Synthetic System Benchmarks

We are going to start with synthetic system application benchmarks on this page. Gaming performance will be shown later on. DDR4 RAM vs DDR5 RAM is being compared on each graph on the same CPU, DDR5 is the orange bar and DDR4 is the blue bar.

3DMark

CPU Profile

Intel Core i5-12600K Alder Lake DDR4 vs DDR5 Performance 3DMark CPU Profile Max Threads

We are introducing a new test into our suite, we are using 3DMark Professional’s CPU Profile test. This test specifically tests CPUs and reports an overall score, it tests various thread counts. We are going to report on the “Max Threads” and “1-Thread” results only. Right off the bat, using Max Threads on the CPU this test reveals no difference in performance between the DDR4 or DDR5 platforms. The motherboards are different, so this could account for tiny differences, but there is nothing blaring from this test to show that either platform has an advantage because of the RAM type.

Intel Core i5-12600K Alder Lake DDR4 vs DDR5 Performance 3DMark CPU Profile 1-thread

In the single-thread testing, we also find absolutely no difference in performance between DDR4 or DDR5 in this benchmark.

Geekbench 5

Intel Core i5-12600K Alder Lake DDR4 vs DDR5 Performance Geekbench 5 Multi-Core

Next up we have the latest version of Geekbench 5.  This benchmark tests overall CPU performance and can show us a result in both multi-core and single-core performance. This is the first evidence that DDR5 does make a performance difference. Geekbench, unlike 3DMark, tests a variety of workloads, whereas 3DMark is simply a single workload type. Therefore in multiple different workload types, and in multi-core, we are seeing DDR5 perform 9% faster than DDR4. That’s no small amount, that kind of performance difference is significant, and noticeable.

Intel Core i5-12600K Alder Lake DDR4 vs DDR5 Performance Geekbench 5 Single-Core

In single-core though, we are back to there not being a difference, it swings a little more toward the DDR4 in fact, perhaps due to better timings? It’s not significant though.

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Brent Justice

Brent Justice has been reviewing computer components for 20+ years, educated in the art and method of the computer hardware review he brings experience, knowledge, and hands-on testing with a gamer oriented...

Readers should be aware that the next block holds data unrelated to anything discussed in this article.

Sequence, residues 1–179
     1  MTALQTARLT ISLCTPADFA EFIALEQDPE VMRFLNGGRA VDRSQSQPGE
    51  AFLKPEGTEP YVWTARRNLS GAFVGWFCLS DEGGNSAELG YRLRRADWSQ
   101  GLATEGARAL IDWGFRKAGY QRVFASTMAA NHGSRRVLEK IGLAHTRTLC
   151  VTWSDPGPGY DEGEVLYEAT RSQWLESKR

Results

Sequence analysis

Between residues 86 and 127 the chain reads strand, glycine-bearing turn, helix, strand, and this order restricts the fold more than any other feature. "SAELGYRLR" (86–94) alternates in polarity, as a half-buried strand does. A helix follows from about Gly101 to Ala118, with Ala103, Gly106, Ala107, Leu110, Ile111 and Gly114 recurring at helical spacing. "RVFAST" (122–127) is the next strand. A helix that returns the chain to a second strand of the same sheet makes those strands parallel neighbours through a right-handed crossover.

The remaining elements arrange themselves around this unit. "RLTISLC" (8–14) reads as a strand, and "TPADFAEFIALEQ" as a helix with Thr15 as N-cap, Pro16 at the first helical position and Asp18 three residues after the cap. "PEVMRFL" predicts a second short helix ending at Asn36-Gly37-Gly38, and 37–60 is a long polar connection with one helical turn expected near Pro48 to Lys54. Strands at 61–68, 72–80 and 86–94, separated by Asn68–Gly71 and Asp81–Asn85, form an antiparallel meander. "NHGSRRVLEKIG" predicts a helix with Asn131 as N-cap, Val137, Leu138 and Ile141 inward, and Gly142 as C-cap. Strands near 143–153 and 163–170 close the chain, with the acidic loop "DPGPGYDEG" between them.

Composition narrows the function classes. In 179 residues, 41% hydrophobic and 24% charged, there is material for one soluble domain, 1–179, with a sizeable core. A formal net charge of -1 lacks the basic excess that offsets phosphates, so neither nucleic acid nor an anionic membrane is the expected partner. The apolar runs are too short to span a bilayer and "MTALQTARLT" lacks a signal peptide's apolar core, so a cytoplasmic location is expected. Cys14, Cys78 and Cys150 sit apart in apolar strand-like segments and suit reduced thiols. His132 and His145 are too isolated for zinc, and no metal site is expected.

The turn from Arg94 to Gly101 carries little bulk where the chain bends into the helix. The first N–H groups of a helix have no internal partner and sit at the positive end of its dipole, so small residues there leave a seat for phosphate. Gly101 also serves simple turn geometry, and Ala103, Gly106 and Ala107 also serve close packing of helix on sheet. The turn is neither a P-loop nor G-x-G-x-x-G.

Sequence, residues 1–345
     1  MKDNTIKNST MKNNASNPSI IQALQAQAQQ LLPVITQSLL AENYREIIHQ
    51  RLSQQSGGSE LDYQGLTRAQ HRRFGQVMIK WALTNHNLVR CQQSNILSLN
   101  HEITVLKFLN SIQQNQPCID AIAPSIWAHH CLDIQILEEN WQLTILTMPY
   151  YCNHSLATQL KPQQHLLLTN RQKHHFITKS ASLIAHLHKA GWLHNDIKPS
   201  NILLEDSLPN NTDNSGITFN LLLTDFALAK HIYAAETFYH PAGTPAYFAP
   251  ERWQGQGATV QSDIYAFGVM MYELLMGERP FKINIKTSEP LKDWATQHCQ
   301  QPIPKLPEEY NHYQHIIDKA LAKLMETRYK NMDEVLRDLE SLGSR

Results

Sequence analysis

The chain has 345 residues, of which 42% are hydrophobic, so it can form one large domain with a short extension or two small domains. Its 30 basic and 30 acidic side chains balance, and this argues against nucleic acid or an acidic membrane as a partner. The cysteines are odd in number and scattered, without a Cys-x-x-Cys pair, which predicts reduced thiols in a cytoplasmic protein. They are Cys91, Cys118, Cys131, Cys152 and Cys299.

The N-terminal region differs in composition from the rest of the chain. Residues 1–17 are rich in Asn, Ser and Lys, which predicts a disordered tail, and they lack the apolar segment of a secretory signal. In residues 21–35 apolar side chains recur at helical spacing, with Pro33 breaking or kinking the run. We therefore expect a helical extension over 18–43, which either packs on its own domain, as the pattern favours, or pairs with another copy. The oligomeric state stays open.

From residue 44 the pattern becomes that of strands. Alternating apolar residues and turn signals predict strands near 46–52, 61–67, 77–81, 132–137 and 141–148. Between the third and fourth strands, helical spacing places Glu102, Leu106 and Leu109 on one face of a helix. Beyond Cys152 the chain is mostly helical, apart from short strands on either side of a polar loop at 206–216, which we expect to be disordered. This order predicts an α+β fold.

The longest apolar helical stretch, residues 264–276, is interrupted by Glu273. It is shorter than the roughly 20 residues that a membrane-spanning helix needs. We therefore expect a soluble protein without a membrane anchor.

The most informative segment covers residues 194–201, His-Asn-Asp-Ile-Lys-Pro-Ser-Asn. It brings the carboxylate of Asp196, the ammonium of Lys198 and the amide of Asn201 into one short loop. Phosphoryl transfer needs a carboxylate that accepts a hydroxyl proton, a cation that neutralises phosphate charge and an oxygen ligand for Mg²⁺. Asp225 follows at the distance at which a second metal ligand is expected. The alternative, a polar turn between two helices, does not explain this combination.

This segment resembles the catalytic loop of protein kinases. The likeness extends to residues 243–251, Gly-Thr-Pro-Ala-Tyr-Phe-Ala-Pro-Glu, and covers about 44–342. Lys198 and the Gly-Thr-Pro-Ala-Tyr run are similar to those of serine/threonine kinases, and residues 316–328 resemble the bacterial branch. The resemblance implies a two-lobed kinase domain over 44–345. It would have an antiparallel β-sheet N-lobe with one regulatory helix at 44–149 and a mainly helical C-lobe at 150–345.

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5 Comments

  1. How is that MSI cooler doing? CPU cooling for alder lake is my main big question atm and MSI liquid coolers seem to be one of the few that are compatible that I can get over here.

    Especially worried after reading that article where they show bent CPU heatsinks with dodgy cooler mounts.

  2. [QUOTE=”Denpepe, post: 45055, member: 284″]
    How is that MSI cooler doing? CPU cooling for alder lake is my main big question atm and MSI liquid coolers seem to be one of the few that are compatible that I can get over here.

    Especially worried after reading that article where they show bent CPU heatsinks with dodgy cooler mounts.
    [/QUOTE]

    It’s the best cooler that I’ve had on the test bench (on the 10980XE though). I’m sure Brent has better feedback on Alder Lake specifically…

  3. I’ll have more experience in the near future, have it installed on a 12700K right now, and then 12900K, so far as far as the 12600K goes it went real well, and that CPU stayed cool very well with it, however, I have been running it on 100% fan speeds for testing purposes, so it’s loud. I will be getting to temp testing on the 12700K soon, and then 12900K ,and we’ll really see how it holds up. As for bent heat spreaders, haven’t noticed anything odd. I will say though that with the screws screwed into the backplate it’s a lot looser than I would have thought it would be, or I should say, compared to other coolers, but it’s not a problem once you screw down the block on top of the screws with the thumbscrews, it tightens up nicely, and you really can’t over tighten it, it has a natural stop. Make sure to check in next week to see how the temps on the 12700K did, then in a couple more weeks the 12900K.

  4. I will leave a link to the article I read, it’s kind of though to read guess it did not translate well but found it interesting. [URL]https://www.igorslab.de/en/bad-cooling-at-alder-lake-problems-at-socket-lga-1700-on-the-lane-among-all-remedies/[/URL]

    Does look like the risks are bigger with cheaper boards.

  5. [QUOTE=”Denpepe, post: 45073, member: 284″]
    Does look like the risks are bigger with cheaper boards.
    [/QUOTE]
    That’s par for the course for a number of reasons. That being said, I did notice that the back plate EK offers for it’s LGA 1200 / 2066 socket waterblocks is much thicker and beefier than what I’ve seen on pretty much every generation going way back to the pre-Sandy Bridge era.

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